Most folks aren't that lucky, of course. By contrast, another friend of mine had the patience of Job. Like that Biblical character, her foray into the world of dogs was beset by a series of calamities and disappointments that would have sent many scurrying to buy a cat. I met Lila when she and her dog Mike enrolled in an obedience class Harve and I were teaching. Though he was purchased from a pet store, Mike was really a nice specimen of his breed and he showed a real talent for obedience. With our encouragement, Lila decided to compete in obedience and Mike quickly earned his title with high scores. At one show, Lila entered Mike in conformation just to see what happened and he went Best of Breed over a lovely champion bitch. Since we taught only novice classes, Lila enrolled in another obedience school and began training Mike for his CDX. The instructor suggested that Mike should be x-rayed before he began jumping. You guessed it...hip dysplasia.

Most people would have been devastated, but not Lila. She saw this as an opportunity, a chance to hit the reset button. She neutered Mike and set out to find a foundation bitch. She read everything she could get her hands on, pored over pedigrees and talked to breeders. This time, she decided to purchase an older bitch who had already been x-rayed. One breeder, who had been told about Mike's story, offered her an 18 month old bitch who already had points toward her championship. She had been x-rayed, but wasn't yet old enough for OFA certification. When Frosty arrived, Lila sprang into action. In the next few months, the dog earned her CD and a four point major. Then came the day, six months later, when Lila took her in for her final x-rays. She was stunned when the vet informed her that it was one of the worst cases of hip dysplasia he'd ever seen.

Most people would have sworn off the dog world, railed against breeders and viewed this as some kind of message: you are not meant to be in dogs. But, not Lila. She has, as we say in the South, gumption. She licked her wounds for a couple of weeks and then, a la Scarlet O'Hara, raised her fist to the sky and declared that she would not be defeated. On the next try, Lila did get her foundation bitch, who promptly finished her championship, earned her obedience degree, x-rayed normally and went on to produce a couple of champions. No, things weren't always sunny for Lila from then on. There were still disappointments along the way. Her first ever Group winning dog turned out to be sterile and the best bitch she bred hated the show ring with a passion.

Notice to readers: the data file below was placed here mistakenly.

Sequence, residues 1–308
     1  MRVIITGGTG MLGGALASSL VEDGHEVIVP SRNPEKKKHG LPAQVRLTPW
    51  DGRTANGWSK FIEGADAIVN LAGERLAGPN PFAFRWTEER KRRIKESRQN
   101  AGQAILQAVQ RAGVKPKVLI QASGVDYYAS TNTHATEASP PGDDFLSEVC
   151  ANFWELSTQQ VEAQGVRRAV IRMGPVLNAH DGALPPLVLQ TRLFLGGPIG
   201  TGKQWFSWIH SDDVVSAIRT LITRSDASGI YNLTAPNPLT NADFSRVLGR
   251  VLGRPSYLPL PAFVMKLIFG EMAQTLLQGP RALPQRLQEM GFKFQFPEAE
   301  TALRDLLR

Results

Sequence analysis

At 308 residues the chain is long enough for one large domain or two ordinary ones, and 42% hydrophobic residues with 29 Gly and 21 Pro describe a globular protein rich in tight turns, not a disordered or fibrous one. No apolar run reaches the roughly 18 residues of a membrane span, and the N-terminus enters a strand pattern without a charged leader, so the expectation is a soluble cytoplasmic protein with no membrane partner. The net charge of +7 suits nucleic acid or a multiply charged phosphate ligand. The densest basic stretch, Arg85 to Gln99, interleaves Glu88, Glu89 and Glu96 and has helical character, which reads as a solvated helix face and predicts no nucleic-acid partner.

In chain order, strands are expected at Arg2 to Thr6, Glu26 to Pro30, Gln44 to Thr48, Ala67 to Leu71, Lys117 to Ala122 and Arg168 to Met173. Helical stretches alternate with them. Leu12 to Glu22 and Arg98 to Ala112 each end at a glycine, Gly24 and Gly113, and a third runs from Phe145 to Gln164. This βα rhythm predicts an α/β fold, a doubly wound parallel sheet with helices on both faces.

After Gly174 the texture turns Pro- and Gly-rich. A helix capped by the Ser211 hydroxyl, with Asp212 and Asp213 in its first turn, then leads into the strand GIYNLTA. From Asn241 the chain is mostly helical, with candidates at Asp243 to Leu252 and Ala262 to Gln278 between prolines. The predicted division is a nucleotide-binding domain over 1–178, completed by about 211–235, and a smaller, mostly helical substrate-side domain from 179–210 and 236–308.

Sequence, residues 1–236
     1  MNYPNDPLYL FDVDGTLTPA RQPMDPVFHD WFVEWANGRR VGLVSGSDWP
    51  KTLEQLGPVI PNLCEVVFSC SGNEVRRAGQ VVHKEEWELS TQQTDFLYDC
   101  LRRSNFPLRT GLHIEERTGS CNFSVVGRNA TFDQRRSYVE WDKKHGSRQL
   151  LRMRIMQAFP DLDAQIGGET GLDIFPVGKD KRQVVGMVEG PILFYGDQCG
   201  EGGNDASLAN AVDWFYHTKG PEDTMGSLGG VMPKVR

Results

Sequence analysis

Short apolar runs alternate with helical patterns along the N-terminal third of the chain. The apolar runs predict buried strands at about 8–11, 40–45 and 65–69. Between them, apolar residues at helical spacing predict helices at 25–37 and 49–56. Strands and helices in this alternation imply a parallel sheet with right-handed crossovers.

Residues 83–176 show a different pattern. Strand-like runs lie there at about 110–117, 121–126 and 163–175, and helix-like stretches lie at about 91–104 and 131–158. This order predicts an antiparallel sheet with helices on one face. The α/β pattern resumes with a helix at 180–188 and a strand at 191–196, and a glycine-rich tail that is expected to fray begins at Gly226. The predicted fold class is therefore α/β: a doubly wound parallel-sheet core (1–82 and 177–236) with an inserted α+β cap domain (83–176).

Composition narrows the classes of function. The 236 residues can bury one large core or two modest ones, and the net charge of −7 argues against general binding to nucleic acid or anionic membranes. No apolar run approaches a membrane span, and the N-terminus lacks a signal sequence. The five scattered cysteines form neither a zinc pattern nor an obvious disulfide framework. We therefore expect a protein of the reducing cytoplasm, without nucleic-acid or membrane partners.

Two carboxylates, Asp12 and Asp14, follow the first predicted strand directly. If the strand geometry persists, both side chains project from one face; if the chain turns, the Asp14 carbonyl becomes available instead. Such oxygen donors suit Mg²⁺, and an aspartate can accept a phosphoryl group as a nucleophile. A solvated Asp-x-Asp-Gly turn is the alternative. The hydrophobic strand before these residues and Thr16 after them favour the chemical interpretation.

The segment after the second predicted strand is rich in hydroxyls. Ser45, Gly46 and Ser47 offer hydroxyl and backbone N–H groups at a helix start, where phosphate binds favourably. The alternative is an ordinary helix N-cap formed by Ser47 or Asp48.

I've done it again, haven't I? Veered off track and started to tell stories.... I just can't seem to help myself. These newsletters are a journey for me, but it's not like the straight roads that you find in cities and towns. No, it's more like a meandering country lane which winds past woods, streams, pastures and houses where I stop to sit for a spell.

So, much as I admire the incredible devotion of single breed folks, that's just not me. At shows, I moved from ring to ring, eager to see as many breeds as I could cram into the time. I spent one weekend at a field trial and the next at a sheepdog trial. I went to the dog racing track and the next Saturday went to a lure coarsing event. I was fascinated with sled dogs, racing and weight pulling. I went to earthdog trials and spent nights with Coonhounds. One memorable weekend I spent with a man who trained dogs for commercials and movies. I literally stared death in the face when I tripped during a boar hunt.

For years, I tried to be a one-breed person and failed. It was like trying to pound my round pegged self into a square hole. It took me 20 years to realize that my true talent was in writing about all breeds of dogs. And, it took me until last week to realize that it was all began the day I opened the covers of the National Geographic's Book of Dogs.

Hope you are having lots of fun looking through all the new titles we've added to the ebay store. As always, feel free to pass these newsletters along to your doggy friends. If you have any favorite sites or forums, please post a link to the dogcrazy books website.


Best to all,
Cathy, Harvey & Cocoa

PS. A special thanks to Julie Wells for the use of the Chinese Crested photo which tops this newsletter. I was blown away by the dogs on her website so you might want to check out her
Jewels Chinese Crested and see for yourself.